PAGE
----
A Brexit impact report for the UK meat industry has been prepared by The British Meat Processors Association.
It is designed to form the basis of a comprehensive discussion and, hoped for, overhaul of the current export certification system so future trade with the EU may be better supported.
The report firstly highlights the immediate ‘teething problems’ versus the systematic changes to the trading relationship; looking at the overall higher costs for customs declarations, customs agents, freight forwarders and additional veterinary inspections, that are rendering certain exports un-viable. Additionally, it is stated that even this headline figure doesn’t take into consideration the extra ‘hidden’ costs from higher freight insurance, there will also be extra administrative staff and higher haulage charges to compensate for longer delays. Even if the new processes get ‘bedded in’ they mean the UK is unlikely to be competitive within Europe and with this being the main fast-moving, high value chilled fresh food trade there are limited other markets for the UK to move towards.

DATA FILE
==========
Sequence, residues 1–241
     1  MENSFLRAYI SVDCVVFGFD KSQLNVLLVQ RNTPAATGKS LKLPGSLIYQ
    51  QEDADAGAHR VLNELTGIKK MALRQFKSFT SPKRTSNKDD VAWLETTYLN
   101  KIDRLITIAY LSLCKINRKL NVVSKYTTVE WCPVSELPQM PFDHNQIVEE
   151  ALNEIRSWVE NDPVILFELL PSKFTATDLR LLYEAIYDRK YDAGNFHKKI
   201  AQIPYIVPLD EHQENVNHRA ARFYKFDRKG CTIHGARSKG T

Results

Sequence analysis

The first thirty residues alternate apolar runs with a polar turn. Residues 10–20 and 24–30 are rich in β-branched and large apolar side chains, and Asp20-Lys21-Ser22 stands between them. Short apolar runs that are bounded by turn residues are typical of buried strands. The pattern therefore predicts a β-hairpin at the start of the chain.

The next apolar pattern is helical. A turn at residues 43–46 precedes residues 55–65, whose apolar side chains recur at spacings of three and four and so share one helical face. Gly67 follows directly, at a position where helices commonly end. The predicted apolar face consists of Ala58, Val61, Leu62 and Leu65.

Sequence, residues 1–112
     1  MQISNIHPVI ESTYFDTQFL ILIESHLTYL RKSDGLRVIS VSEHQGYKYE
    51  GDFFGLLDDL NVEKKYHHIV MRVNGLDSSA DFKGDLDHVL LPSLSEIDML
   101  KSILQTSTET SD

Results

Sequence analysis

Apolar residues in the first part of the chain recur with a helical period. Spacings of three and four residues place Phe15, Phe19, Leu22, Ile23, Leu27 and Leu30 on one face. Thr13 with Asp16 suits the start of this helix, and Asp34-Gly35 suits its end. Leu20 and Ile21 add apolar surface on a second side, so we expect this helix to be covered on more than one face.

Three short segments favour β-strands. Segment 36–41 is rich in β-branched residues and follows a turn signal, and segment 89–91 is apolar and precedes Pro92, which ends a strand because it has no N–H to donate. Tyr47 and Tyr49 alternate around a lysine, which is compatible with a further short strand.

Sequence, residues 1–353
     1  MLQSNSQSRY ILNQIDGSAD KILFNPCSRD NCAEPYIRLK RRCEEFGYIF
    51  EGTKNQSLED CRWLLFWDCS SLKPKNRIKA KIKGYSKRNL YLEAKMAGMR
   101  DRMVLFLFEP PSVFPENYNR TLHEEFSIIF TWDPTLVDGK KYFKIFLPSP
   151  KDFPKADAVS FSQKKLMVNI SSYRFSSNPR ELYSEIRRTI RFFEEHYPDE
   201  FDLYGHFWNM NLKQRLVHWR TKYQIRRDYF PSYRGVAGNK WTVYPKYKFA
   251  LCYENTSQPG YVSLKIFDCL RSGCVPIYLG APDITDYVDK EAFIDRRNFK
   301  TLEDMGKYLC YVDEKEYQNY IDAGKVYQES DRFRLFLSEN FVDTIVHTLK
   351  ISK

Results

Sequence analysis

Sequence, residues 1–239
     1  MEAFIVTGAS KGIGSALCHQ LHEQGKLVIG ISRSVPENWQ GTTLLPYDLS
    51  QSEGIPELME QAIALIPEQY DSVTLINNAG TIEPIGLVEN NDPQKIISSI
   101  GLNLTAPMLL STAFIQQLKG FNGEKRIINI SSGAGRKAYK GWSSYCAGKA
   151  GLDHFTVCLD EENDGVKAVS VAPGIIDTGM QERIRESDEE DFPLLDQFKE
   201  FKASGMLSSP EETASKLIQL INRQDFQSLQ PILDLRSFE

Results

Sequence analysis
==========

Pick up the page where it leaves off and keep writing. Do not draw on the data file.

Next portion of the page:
Meanwhile, the UK Government has suspended all border checks on food coming into the UK from EU, so as not to experience shortages in supermarkets. This has had two undesirable effects. It represents a worrying lapse in food security and opens the door to food fraudsters and potentially to diseases like African Swine Fever. It also makes EU food imports much more competitive than UK exports because of much lower overhead costs. The point is made that at some point the UK must start imposing the same sanitary and phytosanitary checks on food being imported as are being done on the food that is exported to the EU.
Three key recommendations are highlighted by the report that should be worked upon;
- Ensuring flexibility, adaptability and cost effectiveness of veterinary checks;
- Providing for an integrated, end-to-end electronic tracing and certification system that is integrated across different systems with consistent guidance.
- Closer veterinary equivalency agreements with the EU.
This is an important document highlighting constructively steps that need to be taken straight away to seek to support the UK meat industry.
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